It’s 1966, and a group of about 20 Oak Ridge scientists who hike and socialize together are planning their campaign against the latest threats to some of their favorite wild places. The federal government has proposed yet another road that would fragment the Great Smoky Mountains National Park, and TVA wants to build a dam that would flood Obed River gorges in the Cumberland Mountains. Well-educated and informed, confident of the power of the political process, these friends decide to organize as Tennessee Citizens for Wilderness Planning, becoming the first and so far only environmental advocacy group focused on protection of the natural lands and waters of Tennessee.
The Smokies road was eventually defeated, and the Obed became the first National Wild and Scenic River in Tennessee, but there was hardly any time to celebrate before new destructive plans came to light. The U.S. Army Corps of Engineers was hot to build the highest dam east of the Mississippi River, which would have impounded the Big South Fork of the Cumberland River, and TVA had proposed dams for the Little Tennessee and Duck Rivers. The Tellico Dam and one on the Duck River got built, but the Big South Fork was spared and permanently protected by federal designation as a National River and Recreation Area, one of TCWP’s greatest achievements to date.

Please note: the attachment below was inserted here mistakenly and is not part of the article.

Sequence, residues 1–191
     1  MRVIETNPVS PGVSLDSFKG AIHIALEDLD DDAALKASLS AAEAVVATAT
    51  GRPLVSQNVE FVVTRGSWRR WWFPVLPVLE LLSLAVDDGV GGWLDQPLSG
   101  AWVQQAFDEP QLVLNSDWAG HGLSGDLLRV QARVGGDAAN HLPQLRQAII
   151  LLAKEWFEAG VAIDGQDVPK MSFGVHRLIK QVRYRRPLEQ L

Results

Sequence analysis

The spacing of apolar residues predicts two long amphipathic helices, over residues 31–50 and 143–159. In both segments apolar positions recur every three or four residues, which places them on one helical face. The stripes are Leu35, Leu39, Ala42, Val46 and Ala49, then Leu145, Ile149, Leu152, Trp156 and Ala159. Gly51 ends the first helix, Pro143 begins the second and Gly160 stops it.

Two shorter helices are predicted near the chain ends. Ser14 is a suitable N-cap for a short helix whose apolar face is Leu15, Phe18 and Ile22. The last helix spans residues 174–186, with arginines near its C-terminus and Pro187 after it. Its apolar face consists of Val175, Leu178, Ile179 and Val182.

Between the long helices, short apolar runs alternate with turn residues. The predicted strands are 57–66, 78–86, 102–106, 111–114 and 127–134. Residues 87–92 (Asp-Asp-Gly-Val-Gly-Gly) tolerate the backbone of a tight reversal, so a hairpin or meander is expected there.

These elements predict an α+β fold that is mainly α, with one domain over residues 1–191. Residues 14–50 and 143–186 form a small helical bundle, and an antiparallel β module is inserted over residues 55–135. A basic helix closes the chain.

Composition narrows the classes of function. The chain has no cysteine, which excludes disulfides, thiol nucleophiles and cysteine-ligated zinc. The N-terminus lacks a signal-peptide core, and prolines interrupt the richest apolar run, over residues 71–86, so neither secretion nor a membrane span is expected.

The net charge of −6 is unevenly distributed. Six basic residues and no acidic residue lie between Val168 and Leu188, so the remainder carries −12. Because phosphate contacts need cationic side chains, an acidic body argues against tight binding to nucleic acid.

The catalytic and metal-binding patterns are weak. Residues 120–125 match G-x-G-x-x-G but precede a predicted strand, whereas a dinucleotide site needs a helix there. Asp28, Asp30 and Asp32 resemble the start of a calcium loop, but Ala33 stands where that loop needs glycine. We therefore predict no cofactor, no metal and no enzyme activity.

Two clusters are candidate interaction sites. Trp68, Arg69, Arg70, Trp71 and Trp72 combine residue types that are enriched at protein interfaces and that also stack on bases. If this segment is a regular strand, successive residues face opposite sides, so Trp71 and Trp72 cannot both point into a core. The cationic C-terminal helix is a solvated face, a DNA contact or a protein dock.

Half a century later, a few of those charter members are still engaged in activism characterized by reliance on scientific data, rational analysis, and sophisticated political pressure. Making and keeping more public lands for recreation and conservation has been their main thrust, and sharing information has been their primary tool. Whenever possible, they have educated public officials face-to-face, operating on the premise that if you know better you do better. In the spirit of the times, when civil rights activists were taking to the streets, members of the infant TCWP chartered a bus to make the long trip to Washington DC to speak directly to members of Congress and the Secretary of the Interior. Later, they took Sen. Howard Baker and other key officials on rafting trips down the Obed River to show exactly what we had to lose.